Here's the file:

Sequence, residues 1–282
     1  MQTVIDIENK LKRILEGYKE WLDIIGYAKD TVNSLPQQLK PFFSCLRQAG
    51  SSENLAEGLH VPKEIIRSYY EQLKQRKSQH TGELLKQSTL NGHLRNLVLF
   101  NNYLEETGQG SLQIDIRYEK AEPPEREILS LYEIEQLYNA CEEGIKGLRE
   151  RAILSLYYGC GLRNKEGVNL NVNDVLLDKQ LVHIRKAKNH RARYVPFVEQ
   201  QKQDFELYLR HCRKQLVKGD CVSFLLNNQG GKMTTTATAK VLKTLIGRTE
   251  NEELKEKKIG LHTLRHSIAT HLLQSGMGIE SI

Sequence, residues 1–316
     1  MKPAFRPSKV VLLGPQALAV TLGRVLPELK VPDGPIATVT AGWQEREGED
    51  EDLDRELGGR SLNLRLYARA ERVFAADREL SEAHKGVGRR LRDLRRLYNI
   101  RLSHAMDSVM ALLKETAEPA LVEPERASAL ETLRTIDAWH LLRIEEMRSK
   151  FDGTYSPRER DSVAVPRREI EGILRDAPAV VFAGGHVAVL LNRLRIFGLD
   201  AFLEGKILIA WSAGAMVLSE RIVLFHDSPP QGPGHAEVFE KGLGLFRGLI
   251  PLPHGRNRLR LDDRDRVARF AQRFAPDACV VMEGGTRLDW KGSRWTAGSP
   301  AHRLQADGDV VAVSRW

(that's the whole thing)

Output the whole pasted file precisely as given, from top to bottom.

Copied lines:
Sequence, residues 1–282
     1  MQTVIDIENK LKRILEGYKE WLDIIGYAKD TVNSLPQQLK PFFSCLRQAG
    51  SSENLAEGLH VPKEIIRSYY EQLKQRKSQH TGELLKQSTL NGHLRNLVLF
   101  NNYLEETGQG SLQIDIRYEK AEPPEREILS LYEIEQLYNA CEEGIKGLRE
   151  RAILSLYYGC GLRNKEGVNL NVNDVLLDKQ LVHIRKAKNH RARYVPFVEQ
   201  QKQDFELYLR HCRKQLVKGD CVSFLLNNQG GKMTTTATAK VLKTLIGRTE
   251  NEELKEKKIG LHTLRHSIAT HLLQSGMGIE SI

Sequence, residues 1–316
     1  MKPAFRPSKV VLLGPQALAV TLGRVLPELK VPDGPIATVT AGWQEREGED
    51  EDLDRELGGR SLNLRLYARA ERVFAADREL SEAHKGVGRR LRDLRRLYNI
   101  RLSHAMDSVM ALLKETAEPA LVEPERASAL ETLRTIDAWH LLRIEEMRSK
   151  FDGTYSPRER DSVAVPRREI EGILRDAPAV VFAGGHVAVL LNRLRIFGLD
   201  AFLEGKILIA WSAGAMVLSE RIVLFHDSPP QGPGHAEVFE KGLGLFRGLI
   251  PLPHGRNRLR LDDRDRVARF AQRFAPDACV VMEGGTRLDW KGSRWTAGSP
   301  AHRLQADGDV VAVSRW